The furore surrounding both incidents cuts to the core of the debate around the banning of palm oil. While the world’s most efficient and widely used edible oil has been linked to deforestation and human rights abuses, the industry is critical to rural livelihoods and the economies of Malaysia and Indonesia.
According to British environmentalist Sir Jonathon Porritt, the only way to green the palm oil industry is for players to stop vilifying the product and start buying certified sustainable palm oil.
6. “Brazil will be the biggest farming nation on Earth during Bolsonaro’s years.” – Luiz Carlos Heinze, president, Chamber of Deputies’ Agricultural Commission
Heinze’s comment comes as no surprise to those who know him as a close ally of Brazil’s president-elect, the far-right conservative Jair Bolsonaro, who plans to allow mining and agriculture activities in the rainforest and the protected indigenous lands within.
Brazil has been the custodian of the world’s most biodiverse habitat and biggest carbon sink, the Amazon rainforest, for years. But 2018 has seen the country’s forest clearance rates reach a decade high. Bolsonaro has already promised to abolish the country’s environmental ministry, and has pulled out of hosting 2019 UN climate talks in Brazil.
If Bolsonaro continues down this warpath, the climate sceptic’s presidency could spell environmental disaster for the country and the world.
7. “My country’s women are saying loud and clear that they won’t be told to shut up like their predecessors, and won’t accept the indifference of those in authority.” – Rana Ayyub, journalist and writer
The #MeToo movement, which started in the United States, exploded across India after journalist Priya Ramani published her harrowing account of sexual harassment at the hands of her ex-boss.
Within days, women across India stepped out of the shadows to share their own experiences of harassment on social media. The upswelling of anger from women throughout the country, drove Ramani’s former boss, a prominent minister, to step down. The government also announced that it would tighten the country’s sexual harassment laws.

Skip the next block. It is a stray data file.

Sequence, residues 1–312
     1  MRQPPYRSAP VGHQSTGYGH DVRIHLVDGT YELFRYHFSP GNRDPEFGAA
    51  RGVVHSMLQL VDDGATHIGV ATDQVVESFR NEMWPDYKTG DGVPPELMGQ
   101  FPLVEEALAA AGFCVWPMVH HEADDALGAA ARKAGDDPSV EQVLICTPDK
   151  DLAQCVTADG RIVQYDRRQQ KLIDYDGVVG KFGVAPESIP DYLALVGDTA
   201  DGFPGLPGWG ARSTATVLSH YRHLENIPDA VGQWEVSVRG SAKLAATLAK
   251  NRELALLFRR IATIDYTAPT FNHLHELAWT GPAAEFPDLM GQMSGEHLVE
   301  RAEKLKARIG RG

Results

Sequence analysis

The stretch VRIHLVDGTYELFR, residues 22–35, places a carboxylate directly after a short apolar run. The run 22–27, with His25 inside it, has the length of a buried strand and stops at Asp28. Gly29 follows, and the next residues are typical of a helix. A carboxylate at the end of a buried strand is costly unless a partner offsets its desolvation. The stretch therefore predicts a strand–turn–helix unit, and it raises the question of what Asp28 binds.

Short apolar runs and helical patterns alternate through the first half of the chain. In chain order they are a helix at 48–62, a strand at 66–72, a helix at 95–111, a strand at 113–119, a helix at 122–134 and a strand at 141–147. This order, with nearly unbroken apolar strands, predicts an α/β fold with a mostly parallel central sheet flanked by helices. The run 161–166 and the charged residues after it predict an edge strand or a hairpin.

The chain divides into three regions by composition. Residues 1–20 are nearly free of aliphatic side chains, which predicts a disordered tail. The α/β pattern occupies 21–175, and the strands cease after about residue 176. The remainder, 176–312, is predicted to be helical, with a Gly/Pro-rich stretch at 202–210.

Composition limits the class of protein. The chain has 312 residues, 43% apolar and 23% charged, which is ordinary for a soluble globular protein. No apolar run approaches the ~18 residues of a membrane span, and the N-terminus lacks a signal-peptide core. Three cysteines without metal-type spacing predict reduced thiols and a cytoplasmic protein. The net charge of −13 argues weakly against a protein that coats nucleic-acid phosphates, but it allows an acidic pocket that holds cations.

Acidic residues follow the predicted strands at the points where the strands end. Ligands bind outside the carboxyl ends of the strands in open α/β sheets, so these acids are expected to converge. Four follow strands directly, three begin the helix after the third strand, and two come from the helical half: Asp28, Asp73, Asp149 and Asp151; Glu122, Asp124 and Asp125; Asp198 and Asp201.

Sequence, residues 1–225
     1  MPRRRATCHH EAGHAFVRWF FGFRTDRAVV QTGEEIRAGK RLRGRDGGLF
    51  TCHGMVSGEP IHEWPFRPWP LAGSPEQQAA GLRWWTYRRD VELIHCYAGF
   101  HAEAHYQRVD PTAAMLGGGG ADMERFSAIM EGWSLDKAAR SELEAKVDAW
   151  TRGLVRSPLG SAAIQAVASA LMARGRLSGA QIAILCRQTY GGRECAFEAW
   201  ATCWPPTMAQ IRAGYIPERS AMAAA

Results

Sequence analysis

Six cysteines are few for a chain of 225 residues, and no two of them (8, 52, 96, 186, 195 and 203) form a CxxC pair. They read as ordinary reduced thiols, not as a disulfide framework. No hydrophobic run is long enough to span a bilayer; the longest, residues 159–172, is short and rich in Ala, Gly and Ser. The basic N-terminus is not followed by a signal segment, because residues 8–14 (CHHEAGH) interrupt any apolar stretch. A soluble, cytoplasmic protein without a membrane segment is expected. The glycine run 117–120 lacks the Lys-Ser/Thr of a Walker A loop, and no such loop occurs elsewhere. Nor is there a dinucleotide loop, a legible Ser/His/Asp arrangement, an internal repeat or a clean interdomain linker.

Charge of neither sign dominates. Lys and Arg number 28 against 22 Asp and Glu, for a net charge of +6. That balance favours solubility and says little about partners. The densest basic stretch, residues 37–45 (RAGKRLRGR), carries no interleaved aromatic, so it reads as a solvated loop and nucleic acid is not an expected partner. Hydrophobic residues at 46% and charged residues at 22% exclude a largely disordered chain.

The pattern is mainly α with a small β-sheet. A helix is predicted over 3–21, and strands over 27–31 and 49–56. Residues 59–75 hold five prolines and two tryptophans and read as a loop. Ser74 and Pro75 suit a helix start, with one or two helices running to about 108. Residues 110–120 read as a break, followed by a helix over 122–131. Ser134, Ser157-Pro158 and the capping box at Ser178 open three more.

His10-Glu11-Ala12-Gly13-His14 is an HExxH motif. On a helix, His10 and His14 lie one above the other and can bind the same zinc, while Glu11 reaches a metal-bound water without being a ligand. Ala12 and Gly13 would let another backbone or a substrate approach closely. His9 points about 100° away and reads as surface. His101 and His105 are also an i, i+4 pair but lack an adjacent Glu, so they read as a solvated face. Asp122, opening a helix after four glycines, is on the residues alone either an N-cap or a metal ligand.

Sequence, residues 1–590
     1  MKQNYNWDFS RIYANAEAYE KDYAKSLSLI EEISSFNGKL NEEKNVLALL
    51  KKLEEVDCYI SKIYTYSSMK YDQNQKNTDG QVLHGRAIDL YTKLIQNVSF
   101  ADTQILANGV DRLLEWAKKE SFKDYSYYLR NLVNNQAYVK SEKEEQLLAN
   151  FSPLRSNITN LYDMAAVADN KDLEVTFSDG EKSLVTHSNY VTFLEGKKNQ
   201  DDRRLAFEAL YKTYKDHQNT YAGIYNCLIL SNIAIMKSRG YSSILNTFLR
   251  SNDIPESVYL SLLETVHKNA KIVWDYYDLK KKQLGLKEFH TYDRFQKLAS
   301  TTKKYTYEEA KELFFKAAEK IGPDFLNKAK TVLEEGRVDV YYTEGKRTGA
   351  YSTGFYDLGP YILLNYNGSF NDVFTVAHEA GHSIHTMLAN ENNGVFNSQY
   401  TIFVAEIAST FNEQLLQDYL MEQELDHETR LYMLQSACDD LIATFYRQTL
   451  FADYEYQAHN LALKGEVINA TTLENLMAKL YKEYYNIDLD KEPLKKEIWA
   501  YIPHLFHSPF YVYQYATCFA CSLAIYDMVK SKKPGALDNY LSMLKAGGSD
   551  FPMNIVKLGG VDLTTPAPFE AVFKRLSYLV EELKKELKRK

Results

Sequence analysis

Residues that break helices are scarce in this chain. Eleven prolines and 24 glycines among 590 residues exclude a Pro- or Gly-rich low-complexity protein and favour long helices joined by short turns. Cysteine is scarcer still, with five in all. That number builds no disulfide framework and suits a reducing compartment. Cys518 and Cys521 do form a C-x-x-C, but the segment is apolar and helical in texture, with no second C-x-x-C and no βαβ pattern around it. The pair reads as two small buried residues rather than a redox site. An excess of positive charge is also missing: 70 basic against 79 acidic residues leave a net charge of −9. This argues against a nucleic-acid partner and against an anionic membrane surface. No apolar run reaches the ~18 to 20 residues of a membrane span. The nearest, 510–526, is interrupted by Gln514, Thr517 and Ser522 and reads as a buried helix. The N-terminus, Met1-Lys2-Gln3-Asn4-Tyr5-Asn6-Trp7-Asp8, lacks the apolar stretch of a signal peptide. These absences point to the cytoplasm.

8. “What is the point of learning facts when the most important facts given by the finest scientists are ignored by our politicians?” – Greta Thunberg, student activist
“Why should any young person be made to study for a future when no one is doing enough to save that future?” Thunberg wrote in The Guardian, criticising the government’s inaction on climate change.
In order to convince leaders to take climate action seriously, the 15-year old started a “school strike” by skipping class to demonstrate outside the Swedish parliamen. The solo protest now inspired more than 20,000 students around the world to do the same.
The movement has drawn ire from Aussie prime minister Scott Morrison, who believes students should focus on “more learning… and less activism”. But that hasn’t stopped Thunberg, who spoke as a representative for future generations at the recent climate conference in Katowice.
9. “If we don’t take action, the collapse of our civilisations and the extinction of much of the natural world is on the horizon.” – David Attenborough, naturalist
For decades, wildlife documentaries have presented nature as an unspoiled paradise, and no one is guiltier of this than British naturalist and television presenter Sir David Attenborough, who has been criticised for ignoring environmental issues in his documentaries.
However, at the recent COP24 conference, “the most trusted man in Britain” for the first time issued a dire warning about climate change. Speaking on behalf of the people, Attenborough urged decision-makers to “act now” to protect nature and prevent the devastating loss of biodiversity.
This story is part of our Year in Review series, which looks at the stories that shaped the business and sustainability scene over the last 12 months.